He said he and Lismore enjoyed being able to ride their bikes to the island village for ice cream, dinner or a haircut.

The men did not do any major renovation while they lived in the house, but added value with upgrades and improvements.

“Everything can basically be controlled from the phone,” said Cepero, including the pool, lighting, ceiling fans, thermostats, surround sound systems and even Wi-Fi access points through CAT-5 cabling.

Wanting to add color and character to the house, Cepero – who worked for the International Olympic Committee overseeing the construction and design of the Olympic Clubs for the Games in Sochi, Russia, and London – used his architecture and interior design expertise and flair for color to liven things up with what Sorensen calls “beautiful wallpaper, fixtures and furniture.”

The upgrades added appeal when the time came to sell, but did not account for the extraordinary increase in value over a short period of time.

Instead, that jump appears to be due to overall pandemic market conditions, especially the desire of many high-end buyers to get out of big cities, the advent of widespread remote work and the massive increase in wealth among the richest households that Sorensen mentioned.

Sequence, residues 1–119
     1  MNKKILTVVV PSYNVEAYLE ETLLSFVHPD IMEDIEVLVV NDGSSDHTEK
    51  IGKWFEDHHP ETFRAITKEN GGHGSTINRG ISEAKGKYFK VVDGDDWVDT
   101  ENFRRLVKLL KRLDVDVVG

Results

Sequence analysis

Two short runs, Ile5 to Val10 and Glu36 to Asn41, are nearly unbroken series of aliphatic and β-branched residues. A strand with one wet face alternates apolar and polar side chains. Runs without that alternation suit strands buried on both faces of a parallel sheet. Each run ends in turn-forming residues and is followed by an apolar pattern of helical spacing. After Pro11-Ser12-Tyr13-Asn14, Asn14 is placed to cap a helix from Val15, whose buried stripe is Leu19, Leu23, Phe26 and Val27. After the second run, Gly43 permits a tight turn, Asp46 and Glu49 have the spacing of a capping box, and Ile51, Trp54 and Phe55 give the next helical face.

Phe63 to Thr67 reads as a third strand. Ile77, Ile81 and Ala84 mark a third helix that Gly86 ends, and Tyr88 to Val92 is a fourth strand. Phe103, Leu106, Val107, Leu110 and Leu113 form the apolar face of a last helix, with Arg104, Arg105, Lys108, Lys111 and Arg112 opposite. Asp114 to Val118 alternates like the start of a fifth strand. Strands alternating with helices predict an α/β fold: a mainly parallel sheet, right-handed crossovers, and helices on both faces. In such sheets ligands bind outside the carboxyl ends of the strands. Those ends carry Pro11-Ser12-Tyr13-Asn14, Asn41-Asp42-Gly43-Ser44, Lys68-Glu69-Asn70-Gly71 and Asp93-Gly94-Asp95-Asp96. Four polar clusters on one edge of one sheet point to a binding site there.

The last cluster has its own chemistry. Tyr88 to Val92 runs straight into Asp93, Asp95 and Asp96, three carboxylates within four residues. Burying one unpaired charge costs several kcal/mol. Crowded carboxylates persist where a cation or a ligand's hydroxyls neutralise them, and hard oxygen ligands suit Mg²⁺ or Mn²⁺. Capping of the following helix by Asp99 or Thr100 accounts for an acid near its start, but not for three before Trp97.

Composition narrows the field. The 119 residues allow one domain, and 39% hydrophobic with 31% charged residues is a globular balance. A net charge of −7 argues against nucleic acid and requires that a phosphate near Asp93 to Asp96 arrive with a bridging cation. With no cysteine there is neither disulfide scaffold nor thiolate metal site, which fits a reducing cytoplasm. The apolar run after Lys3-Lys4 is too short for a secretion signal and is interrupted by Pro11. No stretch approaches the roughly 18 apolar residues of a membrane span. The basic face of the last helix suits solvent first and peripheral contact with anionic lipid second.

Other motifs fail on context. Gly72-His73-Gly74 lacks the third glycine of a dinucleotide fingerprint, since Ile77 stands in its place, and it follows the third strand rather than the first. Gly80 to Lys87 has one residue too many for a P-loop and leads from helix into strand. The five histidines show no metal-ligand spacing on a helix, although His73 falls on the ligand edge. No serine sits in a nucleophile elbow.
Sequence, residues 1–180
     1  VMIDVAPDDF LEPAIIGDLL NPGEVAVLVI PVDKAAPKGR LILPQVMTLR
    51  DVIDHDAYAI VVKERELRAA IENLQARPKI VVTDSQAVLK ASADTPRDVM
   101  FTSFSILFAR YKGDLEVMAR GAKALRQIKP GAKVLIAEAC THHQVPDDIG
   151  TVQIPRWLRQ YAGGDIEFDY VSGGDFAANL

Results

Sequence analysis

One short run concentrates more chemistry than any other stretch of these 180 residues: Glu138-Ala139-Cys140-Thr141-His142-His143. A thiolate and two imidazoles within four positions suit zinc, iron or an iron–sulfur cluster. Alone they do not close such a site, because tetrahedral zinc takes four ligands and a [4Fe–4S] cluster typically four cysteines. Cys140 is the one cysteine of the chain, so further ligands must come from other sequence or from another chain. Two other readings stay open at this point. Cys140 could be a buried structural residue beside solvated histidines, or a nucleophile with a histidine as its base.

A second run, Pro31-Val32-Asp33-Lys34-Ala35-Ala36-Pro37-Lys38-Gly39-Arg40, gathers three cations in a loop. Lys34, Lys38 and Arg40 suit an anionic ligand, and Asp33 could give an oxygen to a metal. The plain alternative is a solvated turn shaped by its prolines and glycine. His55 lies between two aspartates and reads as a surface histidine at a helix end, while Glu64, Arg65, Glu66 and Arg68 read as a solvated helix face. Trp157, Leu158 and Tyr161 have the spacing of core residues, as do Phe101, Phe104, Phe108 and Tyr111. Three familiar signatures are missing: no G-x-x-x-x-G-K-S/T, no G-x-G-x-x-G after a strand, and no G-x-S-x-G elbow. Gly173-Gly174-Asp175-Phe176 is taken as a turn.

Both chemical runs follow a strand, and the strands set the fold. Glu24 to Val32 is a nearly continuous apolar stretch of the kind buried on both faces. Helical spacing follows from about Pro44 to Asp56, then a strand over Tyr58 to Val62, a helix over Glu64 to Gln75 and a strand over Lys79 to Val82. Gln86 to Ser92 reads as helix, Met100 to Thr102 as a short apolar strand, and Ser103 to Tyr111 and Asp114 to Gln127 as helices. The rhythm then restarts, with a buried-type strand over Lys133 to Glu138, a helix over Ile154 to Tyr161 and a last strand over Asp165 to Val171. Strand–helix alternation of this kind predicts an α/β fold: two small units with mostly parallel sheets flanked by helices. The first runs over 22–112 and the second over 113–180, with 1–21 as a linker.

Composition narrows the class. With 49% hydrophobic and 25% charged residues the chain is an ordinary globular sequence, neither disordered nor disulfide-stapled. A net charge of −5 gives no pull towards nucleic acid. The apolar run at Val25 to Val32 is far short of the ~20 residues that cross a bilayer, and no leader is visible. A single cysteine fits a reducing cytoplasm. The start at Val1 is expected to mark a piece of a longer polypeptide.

According to Forbes, 2021 was “another great year for billionaires. After a stellar 2020, when the super-rich added some $1.9 trillion to their collective wealth, the party continued in 2021, as billionaires around the globe got $1.6 trillion richer.”

American billionaires “led the surge, adding a total of $945 billion to their fortunes this year as the S&P 500 jumped by 21 percent and the Nasdaq rose by 50 percent.” Other high-end buyers who aren’t quite billionaires got a richer, too.

The other X-factor is Vero Beach itself, which continues to ping louder on the radar of luxury buyers as friends, family and business associates of people moving here learn about the island’s exceptional amenities and laid-back lifestyle.

“Vero Beach is not a hard sell,” said Sorensen, who purchased her first Riomar home along with her husband Dale Sr. for $86,000 in 1974. “Vero Beach sells itself.”